In my previous blog I referenced the flag of the Republic of the Rio Grande as the graphic for our new Web page. It was selected because the Republic of the Rio Grande got its start in the brush country of South Texas.
The Republic of the Rio Grande came about after several years of war between the Central government under Santa Ana and the Federalists, who—like Texas—supported the Constitution of 1824. After Texas won its independence from Mexico, compatriots to the cause of the Mexican Constitution of 1824 continued a similar struggle in northern Mexican states.
In her book “From the Republic of the Rio Grande A Personal History of the Place and the People” Beatriz Eugenia De La Garza points out that on January 18, 1840 Antonio Canales called for a convention to form the Republic of the Rio Grande from the Mexican states of Nuevo Leon, Coahuila, and Tamaulipas. The latter included the region between the Nueces and Rio Grande Rivers today known as South Texas.
Organizers met at the Ovareña Ranch in present day Zapata County but adjourned and moved further inland to Casa Blanca on the Nueces River near present day Sandia, which served as a port of entry for traders from Texas. At Casa Blanca they organized a provisional government, naming Jesus Cardenas as president of the new republic. Canales was named military chief. They chose Laredo as the seat of government.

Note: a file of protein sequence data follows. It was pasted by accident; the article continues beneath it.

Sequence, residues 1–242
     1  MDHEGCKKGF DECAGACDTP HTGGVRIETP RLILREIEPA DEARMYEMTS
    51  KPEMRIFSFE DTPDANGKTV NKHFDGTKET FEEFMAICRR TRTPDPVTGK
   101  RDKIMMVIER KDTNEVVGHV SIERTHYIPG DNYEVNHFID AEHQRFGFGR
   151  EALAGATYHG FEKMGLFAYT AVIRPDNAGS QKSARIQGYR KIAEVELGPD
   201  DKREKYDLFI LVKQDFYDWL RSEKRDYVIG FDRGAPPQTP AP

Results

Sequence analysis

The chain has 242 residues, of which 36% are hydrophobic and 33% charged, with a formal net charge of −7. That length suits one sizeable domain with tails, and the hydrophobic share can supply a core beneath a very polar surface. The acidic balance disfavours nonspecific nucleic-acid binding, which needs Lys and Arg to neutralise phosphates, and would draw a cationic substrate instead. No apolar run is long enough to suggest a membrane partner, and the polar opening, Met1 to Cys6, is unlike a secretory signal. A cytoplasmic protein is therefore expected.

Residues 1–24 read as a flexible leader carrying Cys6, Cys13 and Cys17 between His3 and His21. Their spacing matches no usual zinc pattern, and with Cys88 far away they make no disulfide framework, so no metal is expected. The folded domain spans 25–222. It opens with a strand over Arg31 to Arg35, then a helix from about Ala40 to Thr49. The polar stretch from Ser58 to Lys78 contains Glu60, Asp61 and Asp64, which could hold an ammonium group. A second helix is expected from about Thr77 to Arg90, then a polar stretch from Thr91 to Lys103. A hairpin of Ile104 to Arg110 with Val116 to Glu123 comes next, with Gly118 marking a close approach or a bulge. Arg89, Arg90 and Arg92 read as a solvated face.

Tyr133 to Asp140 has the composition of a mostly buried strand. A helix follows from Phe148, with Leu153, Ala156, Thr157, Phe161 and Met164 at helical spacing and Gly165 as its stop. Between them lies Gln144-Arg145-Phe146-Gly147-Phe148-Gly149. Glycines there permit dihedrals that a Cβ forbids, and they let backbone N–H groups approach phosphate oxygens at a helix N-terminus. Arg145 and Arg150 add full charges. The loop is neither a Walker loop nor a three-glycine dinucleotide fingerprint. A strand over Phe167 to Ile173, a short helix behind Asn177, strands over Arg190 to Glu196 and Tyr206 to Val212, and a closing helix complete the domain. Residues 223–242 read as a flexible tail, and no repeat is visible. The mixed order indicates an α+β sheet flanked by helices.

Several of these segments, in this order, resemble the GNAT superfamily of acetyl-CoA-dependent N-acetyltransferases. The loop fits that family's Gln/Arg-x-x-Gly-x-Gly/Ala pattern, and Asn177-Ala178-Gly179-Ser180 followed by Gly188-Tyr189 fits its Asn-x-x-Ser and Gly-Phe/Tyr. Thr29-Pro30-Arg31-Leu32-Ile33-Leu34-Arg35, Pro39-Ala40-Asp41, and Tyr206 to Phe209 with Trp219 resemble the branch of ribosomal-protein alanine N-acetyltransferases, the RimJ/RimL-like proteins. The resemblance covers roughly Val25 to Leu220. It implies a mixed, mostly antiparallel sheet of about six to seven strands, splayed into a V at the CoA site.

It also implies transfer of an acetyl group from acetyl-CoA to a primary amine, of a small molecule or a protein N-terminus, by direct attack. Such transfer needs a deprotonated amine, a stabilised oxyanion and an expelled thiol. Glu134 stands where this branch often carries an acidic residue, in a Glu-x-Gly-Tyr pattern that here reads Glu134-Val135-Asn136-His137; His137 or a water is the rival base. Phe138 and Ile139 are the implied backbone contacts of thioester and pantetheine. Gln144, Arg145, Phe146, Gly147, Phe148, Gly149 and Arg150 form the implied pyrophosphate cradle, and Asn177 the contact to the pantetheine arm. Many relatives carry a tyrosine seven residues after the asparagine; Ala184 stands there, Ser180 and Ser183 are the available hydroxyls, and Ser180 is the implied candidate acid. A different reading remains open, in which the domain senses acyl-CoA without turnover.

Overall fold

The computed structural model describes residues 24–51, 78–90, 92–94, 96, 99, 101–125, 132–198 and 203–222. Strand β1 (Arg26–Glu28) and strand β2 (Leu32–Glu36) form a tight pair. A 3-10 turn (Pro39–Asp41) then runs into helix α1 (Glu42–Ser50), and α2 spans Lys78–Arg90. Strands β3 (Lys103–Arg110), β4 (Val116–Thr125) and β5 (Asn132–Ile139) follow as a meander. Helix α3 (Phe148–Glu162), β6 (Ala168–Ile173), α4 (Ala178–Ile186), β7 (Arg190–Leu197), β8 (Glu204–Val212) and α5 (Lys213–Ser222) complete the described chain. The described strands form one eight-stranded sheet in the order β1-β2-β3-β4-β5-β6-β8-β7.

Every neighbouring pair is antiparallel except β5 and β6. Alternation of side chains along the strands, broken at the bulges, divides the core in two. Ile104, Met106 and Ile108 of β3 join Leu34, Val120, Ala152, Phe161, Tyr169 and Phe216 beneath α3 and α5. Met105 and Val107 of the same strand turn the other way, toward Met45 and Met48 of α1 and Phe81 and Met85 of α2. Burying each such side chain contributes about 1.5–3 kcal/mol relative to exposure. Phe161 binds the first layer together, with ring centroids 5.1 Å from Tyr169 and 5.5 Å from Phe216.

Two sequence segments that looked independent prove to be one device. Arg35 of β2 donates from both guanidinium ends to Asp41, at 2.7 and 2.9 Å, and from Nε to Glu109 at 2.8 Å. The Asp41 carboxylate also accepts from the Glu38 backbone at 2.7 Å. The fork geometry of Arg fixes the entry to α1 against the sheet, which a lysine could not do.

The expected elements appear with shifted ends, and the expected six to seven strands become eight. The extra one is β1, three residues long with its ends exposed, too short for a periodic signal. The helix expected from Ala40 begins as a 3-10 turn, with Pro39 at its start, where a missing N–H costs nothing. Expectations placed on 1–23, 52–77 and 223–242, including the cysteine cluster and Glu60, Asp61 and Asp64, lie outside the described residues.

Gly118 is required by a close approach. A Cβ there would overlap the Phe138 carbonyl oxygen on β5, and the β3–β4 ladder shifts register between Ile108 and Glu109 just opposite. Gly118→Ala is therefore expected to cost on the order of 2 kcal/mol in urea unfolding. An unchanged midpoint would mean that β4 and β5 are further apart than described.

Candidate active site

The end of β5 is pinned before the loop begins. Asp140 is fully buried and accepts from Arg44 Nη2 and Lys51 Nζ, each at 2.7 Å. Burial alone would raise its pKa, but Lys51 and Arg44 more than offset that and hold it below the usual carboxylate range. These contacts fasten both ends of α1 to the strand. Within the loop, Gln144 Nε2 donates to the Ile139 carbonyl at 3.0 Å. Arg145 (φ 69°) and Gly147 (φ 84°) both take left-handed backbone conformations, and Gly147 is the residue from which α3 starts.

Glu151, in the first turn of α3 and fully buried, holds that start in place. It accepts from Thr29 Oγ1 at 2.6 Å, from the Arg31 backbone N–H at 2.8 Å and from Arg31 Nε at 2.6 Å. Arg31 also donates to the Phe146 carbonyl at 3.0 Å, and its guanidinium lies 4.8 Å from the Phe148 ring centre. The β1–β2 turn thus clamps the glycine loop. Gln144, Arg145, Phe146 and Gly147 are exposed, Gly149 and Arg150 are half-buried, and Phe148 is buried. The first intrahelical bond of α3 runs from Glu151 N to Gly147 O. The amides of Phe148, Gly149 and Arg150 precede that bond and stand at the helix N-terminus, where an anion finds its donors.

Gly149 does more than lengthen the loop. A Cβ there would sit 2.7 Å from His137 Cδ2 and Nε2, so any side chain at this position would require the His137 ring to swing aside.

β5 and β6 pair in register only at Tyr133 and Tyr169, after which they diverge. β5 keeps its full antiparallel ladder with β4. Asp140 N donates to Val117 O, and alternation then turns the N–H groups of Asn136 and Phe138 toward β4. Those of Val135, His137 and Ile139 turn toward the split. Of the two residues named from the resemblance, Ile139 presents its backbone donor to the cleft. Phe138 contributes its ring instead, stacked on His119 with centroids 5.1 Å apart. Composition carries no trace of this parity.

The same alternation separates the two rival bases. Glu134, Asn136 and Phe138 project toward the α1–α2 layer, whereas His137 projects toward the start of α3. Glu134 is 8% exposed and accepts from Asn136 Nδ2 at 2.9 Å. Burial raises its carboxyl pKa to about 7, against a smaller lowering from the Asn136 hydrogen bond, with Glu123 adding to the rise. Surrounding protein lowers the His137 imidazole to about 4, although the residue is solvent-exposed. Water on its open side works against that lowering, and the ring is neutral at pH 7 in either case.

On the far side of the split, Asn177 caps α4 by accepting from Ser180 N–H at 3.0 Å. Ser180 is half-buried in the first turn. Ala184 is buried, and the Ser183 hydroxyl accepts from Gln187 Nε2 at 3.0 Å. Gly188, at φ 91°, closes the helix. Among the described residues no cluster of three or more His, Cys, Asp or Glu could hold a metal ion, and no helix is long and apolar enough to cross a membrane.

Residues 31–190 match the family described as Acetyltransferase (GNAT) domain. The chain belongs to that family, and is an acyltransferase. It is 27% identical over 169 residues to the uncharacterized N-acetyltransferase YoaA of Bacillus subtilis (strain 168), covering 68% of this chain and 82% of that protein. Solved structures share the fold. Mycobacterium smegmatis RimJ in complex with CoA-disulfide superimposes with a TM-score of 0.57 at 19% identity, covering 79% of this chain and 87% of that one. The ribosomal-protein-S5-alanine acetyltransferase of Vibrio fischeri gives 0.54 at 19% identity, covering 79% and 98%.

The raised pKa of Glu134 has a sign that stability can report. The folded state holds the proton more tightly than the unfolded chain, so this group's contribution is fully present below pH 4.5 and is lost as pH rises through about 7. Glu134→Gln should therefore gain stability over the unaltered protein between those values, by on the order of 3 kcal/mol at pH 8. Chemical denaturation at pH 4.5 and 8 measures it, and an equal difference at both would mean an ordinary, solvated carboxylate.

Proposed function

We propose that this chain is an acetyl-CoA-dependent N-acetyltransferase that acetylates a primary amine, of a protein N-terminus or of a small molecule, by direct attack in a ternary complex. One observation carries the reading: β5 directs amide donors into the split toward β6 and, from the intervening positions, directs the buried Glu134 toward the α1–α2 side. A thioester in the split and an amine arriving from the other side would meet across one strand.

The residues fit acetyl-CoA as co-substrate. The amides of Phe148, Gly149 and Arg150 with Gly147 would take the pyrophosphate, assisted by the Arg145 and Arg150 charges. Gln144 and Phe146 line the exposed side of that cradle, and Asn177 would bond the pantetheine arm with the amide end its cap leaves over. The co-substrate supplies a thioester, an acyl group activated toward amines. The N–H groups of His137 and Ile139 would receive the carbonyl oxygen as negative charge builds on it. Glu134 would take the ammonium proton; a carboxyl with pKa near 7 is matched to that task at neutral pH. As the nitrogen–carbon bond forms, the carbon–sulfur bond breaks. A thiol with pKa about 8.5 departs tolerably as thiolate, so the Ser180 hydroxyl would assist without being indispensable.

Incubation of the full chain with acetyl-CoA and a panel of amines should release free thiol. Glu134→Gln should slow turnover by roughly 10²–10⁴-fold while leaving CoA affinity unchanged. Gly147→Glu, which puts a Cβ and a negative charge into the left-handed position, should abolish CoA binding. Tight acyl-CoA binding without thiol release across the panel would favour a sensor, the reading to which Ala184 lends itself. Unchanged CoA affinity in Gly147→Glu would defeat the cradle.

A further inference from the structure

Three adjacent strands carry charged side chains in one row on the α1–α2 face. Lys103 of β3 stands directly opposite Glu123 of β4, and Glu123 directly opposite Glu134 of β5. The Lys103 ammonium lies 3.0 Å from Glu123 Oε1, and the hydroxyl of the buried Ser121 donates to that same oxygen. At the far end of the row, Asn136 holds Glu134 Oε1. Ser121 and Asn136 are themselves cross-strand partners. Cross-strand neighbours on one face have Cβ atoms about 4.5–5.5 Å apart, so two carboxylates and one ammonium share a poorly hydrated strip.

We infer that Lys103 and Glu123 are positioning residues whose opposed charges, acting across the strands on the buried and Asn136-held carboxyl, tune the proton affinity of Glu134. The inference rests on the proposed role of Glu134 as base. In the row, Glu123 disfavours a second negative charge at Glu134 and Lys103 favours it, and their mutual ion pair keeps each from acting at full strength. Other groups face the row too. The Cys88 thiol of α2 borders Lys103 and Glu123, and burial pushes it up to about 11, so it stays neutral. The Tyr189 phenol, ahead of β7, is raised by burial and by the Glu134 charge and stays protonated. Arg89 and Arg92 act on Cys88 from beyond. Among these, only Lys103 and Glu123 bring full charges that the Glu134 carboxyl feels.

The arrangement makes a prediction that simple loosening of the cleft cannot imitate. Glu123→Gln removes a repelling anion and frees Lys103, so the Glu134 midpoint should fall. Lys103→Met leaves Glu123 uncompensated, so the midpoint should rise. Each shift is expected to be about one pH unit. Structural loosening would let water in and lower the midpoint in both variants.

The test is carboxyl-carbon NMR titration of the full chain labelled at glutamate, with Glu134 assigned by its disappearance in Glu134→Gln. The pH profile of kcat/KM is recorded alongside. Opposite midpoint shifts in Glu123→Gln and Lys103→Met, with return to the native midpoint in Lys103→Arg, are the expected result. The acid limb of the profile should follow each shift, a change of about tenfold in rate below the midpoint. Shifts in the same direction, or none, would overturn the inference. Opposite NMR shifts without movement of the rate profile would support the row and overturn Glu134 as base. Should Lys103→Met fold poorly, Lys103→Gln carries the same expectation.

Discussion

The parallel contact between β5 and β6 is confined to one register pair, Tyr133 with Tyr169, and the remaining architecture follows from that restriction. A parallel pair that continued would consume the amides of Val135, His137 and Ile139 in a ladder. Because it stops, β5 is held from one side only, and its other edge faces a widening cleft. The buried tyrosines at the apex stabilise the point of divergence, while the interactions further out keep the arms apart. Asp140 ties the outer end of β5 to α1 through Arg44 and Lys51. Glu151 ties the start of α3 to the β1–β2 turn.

In the book “After San Jacinto; the Texas-Mexican frontier, 1836-1841,” Joseph Milton Nance wrote that, in March 1840, President Cardenas fled Laredo at the approach of Centralist troops. He made his way through the chaparral towards the Nueces River arriving at Lake Espantosa near present day Carrizo Springs in Dimmit County and then he made his way back to Casa Blanca. Cardenas moved on to Victoria where he was warmly received.
Canales, meanwhile was in Texas recruiting support, and eventually established his headquarters in the San Jacinto and Lipantitlan area on the Nueces, where he was joined by Juan Seguin and some 100 Tejano volunteers. Canales was familiar with the area as he had been a surveyor during the time when Spain and Mexico were making land grants in the Nueces Strip.
Noted historian Jerry Don Thompson of Laredo says in his book “Sabers on the Rio Grande,” that the year before, when Canales and Antonio Zapata had been engaged in revolt to the Central government in Mexico, they had come to Lipantitlan with an army of 1,000.
On July-August 1840, more than 300 Texans were in camp at Canales’ new headquarters at Lipantitlan. They set out from that place towards Laredo to take the town from the Centralists. Not long afterwards, however, the Centralists prevailed in the struggle and the short lived Republic of the Rio Grande was no more.
In addition to the flag with three bands and three stars representing the three states, the organizing convention also adopted the motto, Dios, libertad en convención. De La Garza points out that, ”What is important is to recognize that the people of the area encompassed by the three stars—and this included the disputed Nueces Strip—thought of themselves as belonging together.”